Net­works

Mac Format - - CONTENTS -

Net­work­ing not work­ing? Fix it with our tips

QAlthough both my iMac and Mac­Book Air run El Cap­i­tan and share via Wi-Fi, my wife’s Mac mini is still on OS X 10.6.8. We can’t es­tab­lish a net­work con­nec­tion be­tween her mini and ei­ther of my Macs. Is that pos­si­ble? by Alan Derkacs

AIt’s of­ten tricky to share ac­cess across such a range of ver­sions of OS X. It may be eas­ier to con­nect the more re­cent ver­sion to the older one, rather than the other way around. If you can up­grade the mini to run El Cap­i­tan too, you should be able to con­nect ei­ther way.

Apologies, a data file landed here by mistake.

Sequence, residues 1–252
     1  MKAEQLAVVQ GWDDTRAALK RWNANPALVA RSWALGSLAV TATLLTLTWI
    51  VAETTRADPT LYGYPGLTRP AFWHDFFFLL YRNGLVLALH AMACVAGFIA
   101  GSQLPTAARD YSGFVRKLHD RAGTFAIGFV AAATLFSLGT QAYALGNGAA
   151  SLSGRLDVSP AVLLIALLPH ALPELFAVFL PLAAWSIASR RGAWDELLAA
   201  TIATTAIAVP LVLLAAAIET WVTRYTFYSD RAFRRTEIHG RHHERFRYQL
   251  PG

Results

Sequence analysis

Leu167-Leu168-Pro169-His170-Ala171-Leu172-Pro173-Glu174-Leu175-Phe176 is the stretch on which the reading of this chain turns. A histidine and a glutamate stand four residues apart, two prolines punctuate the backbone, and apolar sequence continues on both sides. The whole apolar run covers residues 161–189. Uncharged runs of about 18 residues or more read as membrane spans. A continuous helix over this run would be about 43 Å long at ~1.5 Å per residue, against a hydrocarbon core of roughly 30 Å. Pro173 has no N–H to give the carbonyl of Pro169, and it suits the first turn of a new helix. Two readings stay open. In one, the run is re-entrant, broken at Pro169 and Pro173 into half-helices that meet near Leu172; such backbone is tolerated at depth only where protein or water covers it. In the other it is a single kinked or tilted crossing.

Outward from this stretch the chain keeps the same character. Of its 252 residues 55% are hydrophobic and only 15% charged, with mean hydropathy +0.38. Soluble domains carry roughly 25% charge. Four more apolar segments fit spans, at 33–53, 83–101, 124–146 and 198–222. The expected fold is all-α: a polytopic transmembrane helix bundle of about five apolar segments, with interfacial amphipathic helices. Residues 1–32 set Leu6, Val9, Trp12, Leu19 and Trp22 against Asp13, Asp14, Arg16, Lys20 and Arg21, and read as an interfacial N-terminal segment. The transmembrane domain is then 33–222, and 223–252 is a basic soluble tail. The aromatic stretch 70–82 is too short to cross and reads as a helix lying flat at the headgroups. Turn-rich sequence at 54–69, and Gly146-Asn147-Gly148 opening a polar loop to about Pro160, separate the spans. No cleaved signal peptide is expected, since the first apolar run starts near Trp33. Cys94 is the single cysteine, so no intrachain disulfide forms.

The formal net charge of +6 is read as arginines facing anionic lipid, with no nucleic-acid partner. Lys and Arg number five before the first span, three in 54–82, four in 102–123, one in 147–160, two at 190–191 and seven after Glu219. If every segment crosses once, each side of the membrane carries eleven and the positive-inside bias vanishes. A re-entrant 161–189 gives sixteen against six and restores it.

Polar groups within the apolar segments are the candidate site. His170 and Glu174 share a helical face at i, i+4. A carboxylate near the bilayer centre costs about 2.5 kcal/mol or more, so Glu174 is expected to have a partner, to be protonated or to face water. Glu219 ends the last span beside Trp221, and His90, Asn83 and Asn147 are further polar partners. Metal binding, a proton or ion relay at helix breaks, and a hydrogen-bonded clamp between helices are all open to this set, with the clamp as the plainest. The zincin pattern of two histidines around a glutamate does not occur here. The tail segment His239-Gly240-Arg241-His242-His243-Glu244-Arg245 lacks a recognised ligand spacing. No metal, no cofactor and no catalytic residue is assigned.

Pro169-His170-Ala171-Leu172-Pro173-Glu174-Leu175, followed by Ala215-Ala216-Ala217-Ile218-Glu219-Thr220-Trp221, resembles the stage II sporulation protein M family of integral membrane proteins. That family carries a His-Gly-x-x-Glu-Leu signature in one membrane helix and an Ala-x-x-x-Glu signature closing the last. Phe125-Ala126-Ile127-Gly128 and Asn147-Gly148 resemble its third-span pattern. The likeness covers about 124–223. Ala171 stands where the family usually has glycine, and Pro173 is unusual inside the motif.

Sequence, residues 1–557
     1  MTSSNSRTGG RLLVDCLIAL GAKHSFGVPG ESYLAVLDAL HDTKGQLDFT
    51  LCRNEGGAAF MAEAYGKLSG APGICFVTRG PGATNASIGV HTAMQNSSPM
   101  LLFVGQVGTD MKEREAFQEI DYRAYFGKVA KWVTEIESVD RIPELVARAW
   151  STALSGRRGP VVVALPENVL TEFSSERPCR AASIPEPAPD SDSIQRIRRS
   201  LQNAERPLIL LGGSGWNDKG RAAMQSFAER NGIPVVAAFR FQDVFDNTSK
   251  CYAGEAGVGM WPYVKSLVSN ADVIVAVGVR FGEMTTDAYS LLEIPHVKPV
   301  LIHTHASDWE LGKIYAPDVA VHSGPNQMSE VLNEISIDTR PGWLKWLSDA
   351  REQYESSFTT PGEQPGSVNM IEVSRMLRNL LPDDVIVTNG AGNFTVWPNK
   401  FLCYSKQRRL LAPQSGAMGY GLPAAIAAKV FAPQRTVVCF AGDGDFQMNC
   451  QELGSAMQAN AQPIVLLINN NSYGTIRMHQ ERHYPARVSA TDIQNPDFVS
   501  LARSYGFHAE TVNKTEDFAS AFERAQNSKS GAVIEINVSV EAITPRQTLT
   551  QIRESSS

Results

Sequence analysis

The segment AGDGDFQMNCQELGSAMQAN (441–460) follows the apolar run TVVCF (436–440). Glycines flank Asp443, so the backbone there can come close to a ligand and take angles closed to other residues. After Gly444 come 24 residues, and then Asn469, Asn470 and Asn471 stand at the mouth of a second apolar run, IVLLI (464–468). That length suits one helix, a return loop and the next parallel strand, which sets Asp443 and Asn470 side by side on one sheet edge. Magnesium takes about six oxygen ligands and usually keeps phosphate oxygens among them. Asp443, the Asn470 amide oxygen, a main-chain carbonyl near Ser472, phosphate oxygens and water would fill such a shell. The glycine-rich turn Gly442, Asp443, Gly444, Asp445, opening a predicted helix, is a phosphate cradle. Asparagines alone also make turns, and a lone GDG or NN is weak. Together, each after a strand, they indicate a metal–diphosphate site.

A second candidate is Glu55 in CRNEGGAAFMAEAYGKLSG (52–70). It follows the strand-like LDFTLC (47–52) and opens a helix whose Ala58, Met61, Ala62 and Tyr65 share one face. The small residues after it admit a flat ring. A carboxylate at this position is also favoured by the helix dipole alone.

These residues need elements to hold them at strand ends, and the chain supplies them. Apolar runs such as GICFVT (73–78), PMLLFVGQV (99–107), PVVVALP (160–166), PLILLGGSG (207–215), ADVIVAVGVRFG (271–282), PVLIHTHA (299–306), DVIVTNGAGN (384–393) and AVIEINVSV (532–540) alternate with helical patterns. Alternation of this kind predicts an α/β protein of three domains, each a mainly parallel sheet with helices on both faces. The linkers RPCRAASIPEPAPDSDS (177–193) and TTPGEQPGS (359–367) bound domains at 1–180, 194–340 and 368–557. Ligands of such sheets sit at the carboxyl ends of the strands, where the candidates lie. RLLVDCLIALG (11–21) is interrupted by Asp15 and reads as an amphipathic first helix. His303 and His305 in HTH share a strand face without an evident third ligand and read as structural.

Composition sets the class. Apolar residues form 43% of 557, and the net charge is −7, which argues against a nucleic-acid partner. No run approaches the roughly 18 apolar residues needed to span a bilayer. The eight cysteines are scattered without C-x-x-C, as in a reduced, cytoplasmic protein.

De­bug­ging net­works starts by set­ting all your de­vices to use fixed IP ad­dresses (such as 192.168.1.1, 192.168.1.2, and so on) on the same sub­net. Open Net­work Util­ity on each – en­ter its name in Spot­light to find it – and se­lect its Ping tab. Prove con­nec­tions be­tween the var­i­ous Macs are pos­si­ble by ping­ing each Mac’s IP ad­dress from all your other Macs.

Next, turn on file shar­ing, en­sur­ing that a use­ful folder, such as Doc­u­ments, is be­ing shared. In Fin­der, choose Go > Con­nect to Server, and in the di­a­log that opens en­ter the IP ad­dress of the other Mac. En­ter the ad­min user name and pass­word for the other Mac that you’re try­ing to con­nect to, not the one you’re con­nect­ing from.

With net­work con­nec­tion is­sues, first prove each de­vice can see all the oth­ers by ping­ing them in Net­work Util­ity.

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